The following commentary comes from an independent investor or market observer as part of TheStreet's guest contributor program, which is separate from the company's news coverage.
BEIJING (TheStreet) -- Despite the fact that nothing has fundamentally changed in the China internet space over the past two to three weeks, U.S.-listed China Internet stocks have skyrocketed across the board. Some of the larger benchmark names such as SINA, SOHU and BIDU were clearly oversold at the end of 2011 and have rebounded substantially. However, it should be cause for concern when even the weakest names in the space rip higher along with the major players, even as these weak players are showing deteriorating financials.
Some of the largest gains have been seen for companies with the weakest fundamentals and weakest prospects for profitability. This clearly smacks of an unsustainable short term bubble, much of which has been fueled by short covering. Once the boost from short covering ends, these names could all see quick and substantial drops back to their December levels. Most notable are the mostly misnamed "catch phrase" stocks shown below:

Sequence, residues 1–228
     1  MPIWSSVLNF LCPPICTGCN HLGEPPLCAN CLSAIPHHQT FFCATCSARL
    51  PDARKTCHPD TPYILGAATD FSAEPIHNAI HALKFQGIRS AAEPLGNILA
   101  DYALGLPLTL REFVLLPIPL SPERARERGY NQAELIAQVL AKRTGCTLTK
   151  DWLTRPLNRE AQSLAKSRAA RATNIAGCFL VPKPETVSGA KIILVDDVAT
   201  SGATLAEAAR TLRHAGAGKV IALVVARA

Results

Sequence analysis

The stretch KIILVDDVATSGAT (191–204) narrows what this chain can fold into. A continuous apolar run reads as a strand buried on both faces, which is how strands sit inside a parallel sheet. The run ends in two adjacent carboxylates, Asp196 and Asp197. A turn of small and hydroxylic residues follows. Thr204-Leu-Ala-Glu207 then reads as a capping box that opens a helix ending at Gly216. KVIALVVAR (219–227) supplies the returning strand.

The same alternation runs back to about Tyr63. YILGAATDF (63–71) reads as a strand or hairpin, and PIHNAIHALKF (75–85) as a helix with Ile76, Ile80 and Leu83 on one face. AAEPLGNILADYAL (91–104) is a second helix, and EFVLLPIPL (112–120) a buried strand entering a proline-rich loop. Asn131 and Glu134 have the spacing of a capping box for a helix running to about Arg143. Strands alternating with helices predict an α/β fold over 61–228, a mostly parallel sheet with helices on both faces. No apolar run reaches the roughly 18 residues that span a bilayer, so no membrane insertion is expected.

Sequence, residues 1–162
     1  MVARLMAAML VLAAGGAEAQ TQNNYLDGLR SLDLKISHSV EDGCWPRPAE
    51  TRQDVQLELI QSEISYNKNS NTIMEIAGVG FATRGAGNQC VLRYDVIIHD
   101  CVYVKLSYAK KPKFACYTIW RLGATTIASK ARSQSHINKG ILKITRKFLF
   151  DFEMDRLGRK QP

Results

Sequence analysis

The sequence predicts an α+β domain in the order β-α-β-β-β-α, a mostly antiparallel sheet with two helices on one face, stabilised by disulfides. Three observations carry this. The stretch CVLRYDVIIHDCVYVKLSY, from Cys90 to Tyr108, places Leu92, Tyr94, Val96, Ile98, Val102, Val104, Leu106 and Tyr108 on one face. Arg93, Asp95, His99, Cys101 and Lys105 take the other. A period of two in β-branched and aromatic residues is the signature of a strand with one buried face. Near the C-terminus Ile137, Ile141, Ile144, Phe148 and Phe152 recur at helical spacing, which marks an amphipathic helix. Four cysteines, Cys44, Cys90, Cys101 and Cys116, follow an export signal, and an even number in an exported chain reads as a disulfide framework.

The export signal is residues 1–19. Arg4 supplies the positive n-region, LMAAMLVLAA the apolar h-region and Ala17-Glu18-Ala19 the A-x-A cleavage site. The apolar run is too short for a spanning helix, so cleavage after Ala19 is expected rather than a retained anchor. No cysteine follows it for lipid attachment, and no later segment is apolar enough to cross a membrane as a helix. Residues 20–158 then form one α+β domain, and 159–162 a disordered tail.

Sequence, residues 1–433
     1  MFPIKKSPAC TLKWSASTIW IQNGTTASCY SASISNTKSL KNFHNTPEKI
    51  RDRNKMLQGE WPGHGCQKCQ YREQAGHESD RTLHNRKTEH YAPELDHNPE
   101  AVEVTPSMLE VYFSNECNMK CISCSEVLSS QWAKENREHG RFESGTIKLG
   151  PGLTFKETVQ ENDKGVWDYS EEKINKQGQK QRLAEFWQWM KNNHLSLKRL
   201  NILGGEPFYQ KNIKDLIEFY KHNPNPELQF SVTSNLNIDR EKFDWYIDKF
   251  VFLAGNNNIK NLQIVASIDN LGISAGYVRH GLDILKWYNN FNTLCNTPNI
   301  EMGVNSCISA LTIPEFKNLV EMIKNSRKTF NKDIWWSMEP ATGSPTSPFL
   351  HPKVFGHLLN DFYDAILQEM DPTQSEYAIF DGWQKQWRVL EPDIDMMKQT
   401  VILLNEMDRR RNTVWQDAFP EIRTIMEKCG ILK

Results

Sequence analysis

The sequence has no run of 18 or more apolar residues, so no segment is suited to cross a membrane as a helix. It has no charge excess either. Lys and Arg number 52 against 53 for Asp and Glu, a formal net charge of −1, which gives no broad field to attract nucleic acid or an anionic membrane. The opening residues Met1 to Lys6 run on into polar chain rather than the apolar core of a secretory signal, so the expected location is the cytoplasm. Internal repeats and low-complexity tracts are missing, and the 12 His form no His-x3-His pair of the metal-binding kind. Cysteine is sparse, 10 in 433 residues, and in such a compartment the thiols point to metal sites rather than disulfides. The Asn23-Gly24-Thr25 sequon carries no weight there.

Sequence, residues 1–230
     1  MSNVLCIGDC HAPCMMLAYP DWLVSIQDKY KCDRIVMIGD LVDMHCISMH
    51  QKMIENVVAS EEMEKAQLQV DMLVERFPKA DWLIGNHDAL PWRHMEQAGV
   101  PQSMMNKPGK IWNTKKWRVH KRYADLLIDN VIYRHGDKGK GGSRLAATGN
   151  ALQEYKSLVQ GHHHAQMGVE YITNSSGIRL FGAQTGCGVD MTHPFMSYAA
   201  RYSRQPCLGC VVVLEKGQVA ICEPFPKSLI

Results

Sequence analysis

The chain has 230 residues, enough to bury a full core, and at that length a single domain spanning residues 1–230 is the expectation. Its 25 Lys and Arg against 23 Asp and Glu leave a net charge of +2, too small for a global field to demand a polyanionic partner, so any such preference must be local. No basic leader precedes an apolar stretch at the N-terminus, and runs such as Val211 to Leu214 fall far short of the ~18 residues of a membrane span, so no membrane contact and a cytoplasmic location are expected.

Arguably Renren (RENN) was too cheap at $3.21, a price that valued the entire company only for the cash it had on hand -- over $1.2 billion. RENN could easily build a future through a series of acquisitions and has plenty of cash to do it. But that doesn't change the fact that RENN is simply not the Facebook of China, but rather will likely prove to be the Friendster of China and not last in the long run. The share price certainly reflects this sentiment by investors. In the $4 to $5 range, RENN is probably priced about right, as a cash rich company without strong business prospects going forward. Follow TheStreet on Twitter and become a fan on Facebook. At a price of nearly $21, Youku (YOKU) is a $2.4 billion dollar company that has never turned a profit and is seeing losses accelerate. The stock saw a strong run up above $20 heading into its last earnings call and then plunged when it was revealed that costs for content had increased dramatically and losses therefore widened significantly. Now the stock has rebounded again to above $20 without any meaningful developments to drive it higher. YOKU is simply riding the rising tide for China internet stocks. I was previously short YOKU from $21, but covered my position once the stock started to rebound from its lows. If the stock gets back to $23, I will eagerly short it again and hold through the next earnings call.
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